eParis recommended articles
2 years ago-The Paris Metro
2 years ago-Living in Paris
2 years ago-Hotel Amour Review
2 years ago-Paris Boat Tours
2 years ago-Nightlife in Paris
2 years ago-Cruises to Paris
2 years ago-Père-Lachaise
2 years ago-Catacombs in Paris

Reports indicate French drivers are getting worse

French drivers have the reputation as being aggressive drivers especially among foreigners and in a recent report, it’s been suggested it’s unlikely to improve, as drivers are reportedly less respectful of the rules of the road.

Axa Prevention insurance company published an annual study that concluded drivers in France are getting worse. The study interviewed hundreds of drivers across the country about their driving behavior and it was concluded there was deterioration in their respect for the rules of the road.

Further the report shows that more drivers admit to using their cell phones while driving, which includes texting as well as for using the phone’s GPS.

One of the most worrying statistics is the rise in the number of motorists who admit to getting behind the wheel after having a drink. Regardless if a large majority of people realize that driving after two drinks is dangerous, 28 percent of survey respondents admitted to doing it.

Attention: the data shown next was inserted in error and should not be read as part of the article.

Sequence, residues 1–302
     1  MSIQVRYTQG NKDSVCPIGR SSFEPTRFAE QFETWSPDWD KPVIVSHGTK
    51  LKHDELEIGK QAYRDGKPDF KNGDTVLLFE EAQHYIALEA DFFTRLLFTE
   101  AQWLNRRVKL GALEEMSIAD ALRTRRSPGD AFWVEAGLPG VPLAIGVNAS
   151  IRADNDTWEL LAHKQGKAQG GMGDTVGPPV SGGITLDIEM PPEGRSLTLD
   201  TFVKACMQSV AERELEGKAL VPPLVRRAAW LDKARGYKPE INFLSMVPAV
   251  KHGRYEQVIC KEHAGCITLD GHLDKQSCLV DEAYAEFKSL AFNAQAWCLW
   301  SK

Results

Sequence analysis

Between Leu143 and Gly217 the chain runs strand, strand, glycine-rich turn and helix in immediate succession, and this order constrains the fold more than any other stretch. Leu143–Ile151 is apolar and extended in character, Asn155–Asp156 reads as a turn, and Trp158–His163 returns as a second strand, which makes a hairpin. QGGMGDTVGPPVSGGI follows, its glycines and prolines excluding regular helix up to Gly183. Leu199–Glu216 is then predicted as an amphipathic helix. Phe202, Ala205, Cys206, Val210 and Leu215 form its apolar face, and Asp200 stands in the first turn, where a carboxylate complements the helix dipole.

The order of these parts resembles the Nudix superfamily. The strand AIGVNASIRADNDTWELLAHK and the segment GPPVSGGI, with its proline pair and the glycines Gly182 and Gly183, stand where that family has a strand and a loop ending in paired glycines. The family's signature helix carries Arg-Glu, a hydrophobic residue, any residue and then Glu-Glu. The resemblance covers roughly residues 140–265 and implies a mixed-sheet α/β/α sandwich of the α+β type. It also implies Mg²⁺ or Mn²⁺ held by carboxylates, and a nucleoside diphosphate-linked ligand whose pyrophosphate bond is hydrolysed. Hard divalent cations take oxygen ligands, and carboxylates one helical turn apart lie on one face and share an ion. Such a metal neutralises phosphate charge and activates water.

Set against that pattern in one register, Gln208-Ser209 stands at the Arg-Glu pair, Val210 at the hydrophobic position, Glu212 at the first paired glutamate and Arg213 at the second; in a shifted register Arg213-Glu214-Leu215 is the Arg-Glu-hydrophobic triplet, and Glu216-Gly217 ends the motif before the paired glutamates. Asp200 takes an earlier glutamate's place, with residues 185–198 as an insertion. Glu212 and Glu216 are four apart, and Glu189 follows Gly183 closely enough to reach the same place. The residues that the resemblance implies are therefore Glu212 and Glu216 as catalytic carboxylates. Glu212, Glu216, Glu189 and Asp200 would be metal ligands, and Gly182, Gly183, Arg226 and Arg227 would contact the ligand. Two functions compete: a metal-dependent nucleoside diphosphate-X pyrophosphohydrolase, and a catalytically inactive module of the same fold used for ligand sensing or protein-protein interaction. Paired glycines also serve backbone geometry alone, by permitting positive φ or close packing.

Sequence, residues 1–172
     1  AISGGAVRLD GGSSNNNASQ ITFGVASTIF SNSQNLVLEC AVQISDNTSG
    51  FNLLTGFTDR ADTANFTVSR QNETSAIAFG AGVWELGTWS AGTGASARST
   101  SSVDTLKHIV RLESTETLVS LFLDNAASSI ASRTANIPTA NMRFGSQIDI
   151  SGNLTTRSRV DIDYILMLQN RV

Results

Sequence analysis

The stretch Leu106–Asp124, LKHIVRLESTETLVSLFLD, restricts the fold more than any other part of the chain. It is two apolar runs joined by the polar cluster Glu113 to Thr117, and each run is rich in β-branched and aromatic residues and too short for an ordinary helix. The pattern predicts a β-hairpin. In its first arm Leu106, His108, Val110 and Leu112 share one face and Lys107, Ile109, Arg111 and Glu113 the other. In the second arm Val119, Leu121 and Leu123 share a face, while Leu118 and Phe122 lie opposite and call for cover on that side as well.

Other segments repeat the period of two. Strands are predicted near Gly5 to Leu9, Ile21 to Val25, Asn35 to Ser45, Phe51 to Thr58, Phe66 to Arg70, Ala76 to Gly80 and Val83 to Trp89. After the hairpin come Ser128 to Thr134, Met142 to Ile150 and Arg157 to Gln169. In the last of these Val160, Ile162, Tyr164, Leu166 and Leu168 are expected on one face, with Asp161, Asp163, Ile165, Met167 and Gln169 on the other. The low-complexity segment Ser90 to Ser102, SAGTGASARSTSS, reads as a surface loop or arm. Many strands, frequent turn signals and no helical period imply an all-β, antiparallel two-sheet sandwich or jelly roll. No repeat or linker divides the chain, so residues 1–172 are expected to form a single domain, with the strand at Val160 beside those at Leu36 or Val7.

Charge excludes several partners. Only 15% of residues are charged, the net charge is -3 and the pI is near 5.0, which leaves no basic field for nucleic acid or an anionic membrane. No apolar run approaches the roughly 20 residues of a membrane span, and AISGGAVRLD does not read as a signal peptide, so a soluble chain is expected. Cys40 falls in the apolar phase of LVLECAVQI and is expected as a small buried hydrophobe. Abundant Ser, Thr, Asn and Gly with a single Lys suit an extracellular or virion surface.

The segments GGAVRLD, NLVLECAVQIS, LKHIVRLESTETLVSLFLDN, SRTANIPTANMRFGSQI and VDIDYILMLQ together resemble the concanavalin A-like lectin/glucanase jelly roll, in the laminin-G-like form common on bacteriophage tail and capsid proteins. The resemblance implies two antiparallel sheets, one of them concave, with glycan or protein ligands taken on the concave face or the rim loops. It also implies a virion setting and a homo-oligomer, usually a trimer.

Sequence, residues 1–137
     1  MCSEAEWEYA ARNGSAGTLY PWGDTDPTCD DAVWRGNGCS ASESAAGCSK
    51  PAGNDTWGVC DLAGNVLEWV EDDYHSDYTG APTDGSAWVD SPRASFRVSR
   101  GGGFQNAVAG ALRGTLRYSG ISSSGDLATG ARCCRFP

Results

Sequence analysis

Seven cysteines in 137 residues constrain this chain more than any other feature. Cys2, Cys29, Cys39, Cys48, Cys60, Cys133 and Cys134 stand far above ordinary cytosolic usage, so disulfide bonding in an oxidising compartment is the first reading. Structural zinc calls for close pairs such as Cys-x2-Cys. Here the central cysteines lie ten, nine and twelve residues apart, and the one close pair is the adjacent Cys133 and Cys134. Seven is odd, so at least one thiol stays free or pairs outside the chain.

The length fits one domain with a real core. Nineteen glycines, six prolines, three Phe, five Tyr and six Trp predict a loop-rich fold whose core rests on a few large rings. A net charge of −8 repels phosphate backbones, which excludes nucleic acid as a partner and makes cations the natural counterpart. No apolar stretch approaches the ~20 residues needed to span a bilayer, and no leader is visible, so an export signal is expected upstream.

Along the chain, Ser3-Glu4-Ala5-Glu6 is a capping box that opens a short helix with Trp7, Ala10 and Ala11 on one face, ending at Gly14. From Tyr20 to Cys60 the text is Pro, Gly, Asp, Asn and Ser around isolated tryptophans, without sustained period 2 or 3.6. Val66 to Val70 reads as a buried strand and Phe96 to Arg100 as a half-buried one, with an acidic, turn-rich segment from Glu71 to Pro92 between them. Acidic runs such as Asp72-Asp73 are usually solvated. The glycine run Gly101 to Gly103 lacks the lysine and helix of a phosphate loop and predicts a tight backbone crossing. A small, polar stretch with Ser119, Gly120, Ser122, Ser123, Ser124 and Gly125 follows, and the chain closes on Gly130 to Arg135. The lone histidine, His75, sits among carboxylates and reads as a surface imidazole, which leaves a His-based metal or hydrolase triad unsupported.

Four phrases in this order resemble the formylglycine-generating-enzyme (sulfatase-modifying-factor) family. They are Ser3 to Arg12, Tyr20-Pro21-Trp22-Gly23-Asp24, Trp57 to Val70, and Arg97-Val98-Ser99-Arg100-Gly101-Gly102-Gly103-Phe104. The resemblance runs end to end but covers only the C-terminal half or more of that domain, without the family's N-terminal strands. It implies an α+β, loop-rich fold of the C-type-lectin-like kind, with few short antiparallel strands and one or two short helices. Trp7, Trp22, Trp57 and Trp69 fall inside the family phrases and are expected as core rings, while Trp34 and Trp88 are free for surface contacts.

Typical drivers in France are more likely to stay behind the wheel for longer periods of time, which can be up to four or five hours without taking a break. Other stats showed that drivers were more likely to go through red lights and break the speed limit.

Although surprisingly the report shows that for anyone living in Paris indicated fewer drivers are resorting to the use of their horn.

While the exact nature for the deterioration in driving behavior is hard to pinpoint, it is speculated there may be an attitude towards crack downs by authorities, which ends up with more people going against what is mandated.

Also to blame is the problem of drivers using cell phones, which is results in drivers taking less caution.

It is calculated approximately 3,103 people died by the end of November 2014, which increased by 148 than at the same period in 2013.

In all road deaths rose by approximately five percent in 2014 compared to the previous year.

Photo by Lord Jim

Related Post

Comments: 0

Your email address will not be published. Required fields are marked with *